The lights dimmed and mood music began to play as Salman Rushdie walked to the stage at PowerHouse Arena in Dumbo the other night as part of a week of events to launch his new memoir, Joseph Anton.
The title of the book is the pseudonym that Mr. Rushdie used while he was in hiding after Iran’s leader, Ayatollah Ruhollah Khomeini, issued a fatwa calling for the author’s death following the publication of The Satanic Verses in 1989. The book, which is written in the third person, focuses mostly on the period when Mr. Rushdie was in hiding before the fatwa was lifted in 2002.
Mr. Rushdie stood at the microphone in a slightly baggy, somewhat wrinkled gray suit and a blue shirt unbuttoned at the neck.
“This is more less the beginning,” he said, before mumbling “a little repetitive now.” He appeared to read a printout of the excerpt from the memoir that appeared a few weeks ago in The New Yorker. Since we had read the piece in the magazine, and then read the slightly different, longer version that begins the book, we couldn’t help but agree with the author.
It was odd to watch somebody talk about himself and his life in the third person. But somehow, with Mr. Rushdie, it seemed fitting. As he eased into his performance, lines that did not seem funny when we read them in The New Yorker or in the actual book got laughs. Maybe the third time is the charm for finding the humor in a book about being targeted by fundamentalists.
“Why now?” asked The New Yorker’s fiction editor, Deborah Treisman, during a Q & A.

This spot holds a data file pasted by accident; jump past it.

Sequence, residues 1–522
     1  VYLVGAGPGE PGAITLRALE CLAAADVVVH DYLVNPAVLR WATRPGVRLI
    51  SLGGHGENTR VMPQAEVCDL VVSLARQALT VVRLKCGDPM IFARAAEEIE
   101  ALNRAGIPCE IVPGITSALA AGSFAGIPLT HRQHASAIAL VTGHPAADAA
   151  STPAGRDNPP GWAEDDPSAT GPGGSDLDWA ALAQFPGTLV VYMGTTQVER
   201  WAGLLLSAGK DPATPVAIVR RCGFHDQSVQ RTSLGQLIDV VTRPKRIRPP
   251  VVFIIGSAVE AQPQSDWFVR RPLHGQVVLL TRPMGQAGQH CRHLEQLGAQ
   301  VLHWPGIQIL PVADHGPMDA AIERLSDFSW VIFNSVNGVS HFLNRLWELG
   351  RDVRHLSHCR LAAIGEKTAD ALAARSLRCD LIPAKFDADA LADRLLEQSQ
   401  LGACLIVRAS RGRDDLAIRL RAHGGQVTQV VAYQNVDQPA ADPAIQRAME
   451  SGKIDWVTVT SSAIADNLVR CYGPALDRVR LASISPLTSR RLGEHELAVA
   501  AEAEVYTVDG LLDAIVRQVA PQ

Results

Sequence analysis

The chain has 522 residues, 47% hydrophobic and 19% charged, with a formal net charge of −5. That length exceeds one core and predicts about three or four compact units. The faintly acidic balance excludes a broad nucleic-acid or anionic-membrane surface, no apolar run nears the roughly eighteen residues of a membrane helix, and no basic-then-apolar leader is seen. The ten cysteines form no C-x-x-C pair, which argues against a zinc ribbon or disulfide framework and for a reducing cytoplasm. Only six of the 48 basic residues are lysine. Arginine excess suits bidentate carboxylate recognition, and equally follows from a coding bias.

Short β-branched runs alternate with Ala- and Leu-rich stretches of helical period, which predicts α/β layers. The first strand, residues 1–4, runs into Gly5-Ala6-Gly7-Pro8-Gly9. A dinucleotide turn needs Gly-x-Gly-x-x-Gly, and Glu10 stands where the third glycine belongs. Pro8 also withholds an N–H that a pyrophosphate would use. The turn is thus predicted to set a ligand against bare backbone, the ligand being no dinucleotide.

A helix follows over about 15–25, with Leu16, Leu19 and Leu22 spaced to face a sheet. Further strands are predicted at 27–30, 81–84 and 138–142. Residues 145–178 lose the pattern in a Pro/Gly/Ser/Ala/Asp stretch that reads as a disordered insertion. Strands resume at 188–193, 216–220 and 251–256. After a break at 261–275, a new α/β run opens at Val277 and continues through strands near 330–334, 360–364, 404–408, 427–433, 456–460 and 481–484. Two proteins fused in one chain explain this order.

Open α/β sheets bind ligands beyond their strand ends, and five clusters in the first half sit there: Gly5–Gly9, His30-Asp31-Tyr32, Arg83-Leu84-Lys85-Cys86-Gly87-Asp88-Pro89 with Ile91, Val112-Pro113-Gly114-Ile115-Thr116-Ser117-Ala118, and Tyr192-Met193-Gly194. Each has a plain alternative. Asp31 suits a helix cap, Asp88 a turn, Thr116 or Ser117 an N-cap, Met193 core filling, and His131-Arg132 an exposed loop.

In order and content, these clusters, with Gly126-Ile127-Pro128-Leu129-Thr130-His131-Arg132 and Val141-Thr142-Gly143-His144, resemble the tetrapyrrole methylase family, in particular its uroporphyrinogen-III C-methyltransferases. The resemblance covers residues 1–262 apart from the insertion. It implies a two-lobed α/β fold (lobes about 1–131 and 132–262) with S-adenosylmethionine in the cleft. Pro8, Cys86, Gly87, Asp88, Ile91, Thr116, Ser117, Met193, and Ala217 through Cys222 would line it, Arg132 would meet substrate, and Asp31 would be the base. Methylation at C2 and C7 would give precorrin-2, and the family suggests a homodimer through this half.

“Why not?” said Mr. Rushdie. The audience chuckled. Mr. Rushdie admitted that during the years in hiding, despite himself, there was a “disgusting little writerly voice saying ‘good story.’”
“Oh gosh, I’ve never been asked that question before,” Mr. Rushdie said, after someone in the audience asked how the West looks at Islam.
Mr. Rushdie’s publicist had promised us a few minutes to talk with the author—provided we only asked about the book and didn’t ask “random” questions about the Middle East or the author’s personal life.
Since the book is about the author’s personal life—and deals with the Middle East—we were unsure what was left. It turned out not to be a problem, as Mr. Rushdie rushed away before we could ask him for deep textual analysis.
But between the 633-page memoir in our bag, Ms. Treisman’s questions and questions from the audience (not to mention the fact that, post-fatwa, Mr. Rushdie is hardly a hermit in the New York literary scene), we felt pretty sure we’d heard plenty.